Appeal from the Order of the Court of Common Pleas of Bucks County in the case of John J. McIlhinney v. Zoning Hearing Board of Bensalem Township, No. 78-144A-12-5.
Henry F. Huhn, with him Leslie G. Dias, for appellant.
Emil F. Toften, Emil F. Toften & Associates, for appellee.
Judges Blatt, Craig and Doyle, sitting as a panel of three. Opinion by Judge Doyle.
[ 72 Pa. Commw. Page 130]
Bensalem Township appeals an order of the Court of Common Pleas of Bucks County which reversed a decision of the Zoning Hearing Board of Bensalem Township.*fn1 The Zoning Hearing Board upheld the action of the Township Board of Supervisors (Board) which rezoned the land of John J. McIlhinney from C-Commercial to R-A Rural.
After careful review of the record and consideration of the arguments advanced by counsel in the filed briefs, we find ourselves in agreement with the opinion of Judge William Hart Rufe, III for the court of common pleas. Judge Rufe's well-reasoned analysis proceeds as follows:
Finally, [McIlhinney] challenges the ordinance on substantive grounds. [He] argues that the enactment of the ordinance changing the zoning of [McIlhinney's] property singled
[ 72 Pa. Commw. Page 131]
out [his] parcel for treatment unjustifiably differing from similar surrounding land and thus constituted spot zoning. Generally, a court must presume the validity of an ordinance and the burden of proving its invalidity rests upon the party challenging it. Cleaver v. Board of Adjustment, 414 Pa. 367, 200 A.2d 408 (1964). Furthermore, the challenging party must clearly establish that the ordinance is arbitrary and unreasonable with no relation to the public health, safety, morals and general welfare, and if the validity is debatable, the court will defer to legislative judgment. Schubach v. Silver, 461 Pa. 366, 336 A.2d 328 (1975).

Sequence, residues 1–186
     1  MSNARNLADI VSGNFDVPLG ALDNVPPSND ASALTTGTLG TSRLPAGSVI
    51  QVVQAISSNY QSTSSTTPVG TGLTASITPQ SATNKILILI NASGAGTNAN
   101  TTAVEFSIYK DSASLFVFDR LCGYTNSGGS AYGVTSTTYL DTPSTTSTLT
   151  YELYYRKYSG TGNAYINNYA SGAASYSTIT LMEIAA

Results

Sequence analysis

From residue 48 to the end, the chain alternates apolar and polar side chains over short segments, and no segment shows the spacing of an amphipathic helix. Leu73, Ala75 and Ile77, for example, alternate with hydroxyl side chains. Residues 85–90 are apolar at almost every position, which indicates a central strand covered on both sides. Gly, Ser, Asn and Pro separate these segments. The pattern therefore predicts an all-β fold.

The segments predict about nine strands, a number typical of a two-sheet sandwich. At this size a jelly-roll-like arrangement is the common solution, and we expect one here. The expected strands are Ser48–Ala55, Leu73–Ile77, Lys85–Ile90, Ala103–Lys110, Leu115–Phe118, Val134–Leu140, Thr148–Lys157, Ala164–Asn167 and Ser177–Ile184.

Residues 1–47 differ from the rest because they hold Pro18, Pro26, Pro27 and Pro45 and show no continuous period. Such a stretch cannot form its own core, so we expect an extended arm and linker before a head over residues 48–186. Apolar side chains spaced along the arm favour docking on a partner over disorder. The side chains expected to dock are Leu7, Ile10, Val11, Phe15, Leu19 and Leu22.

To determine whether or not a Board of Supervisors is engaged in invalid "spot zoning," it must first be determined whether or not the rezoned tract is being treated differently from similar surrounding land and then whether or not such differential treatment, if found, is justifiable. Guentter v. Borough of Lansdale, Montgomery County, 21 Pa. Commonwealth Ct. 287, 345 A.2d 306 (1975). "Possibly the most important factor in an analysis of a spot zoning question is whether the rezoned land is being treated unjustifiably different from similar surrounding land." Schubach v. Silver, supra, at p. 336 (emphasis added). Further, we must consider the area's physical attributes, topography and size, the economic feasibility of a particular use, planning factors, and determine whether the rezoning is part of a plan which will produce nondiscriminatory zoning when fully implemented. Seeherman v. Wilkes-Barre City Zoning Hearing Board, 42 Pa. Commonwealth Ct. 175, 400 A.2d 1334 (1979).
[ 72 Pa. Commw. Page 132]
In the instant matter, the record establishes that before the rezoning, [McIlhinney's] property, then zoned commercial, was located in an area that was primarily and almost exclusively commercial. Aerial photos show that the site in question is adjacent to the Woodhaven Interchange of I-95. Adjoining the property is a motor freight trucking terminal, commercial stores and other property zoned and used commercially. Also located in the general vicinity of the parcel are the Woodhaven Mall, the Liberty Bell Race Track and a restaurant. The ...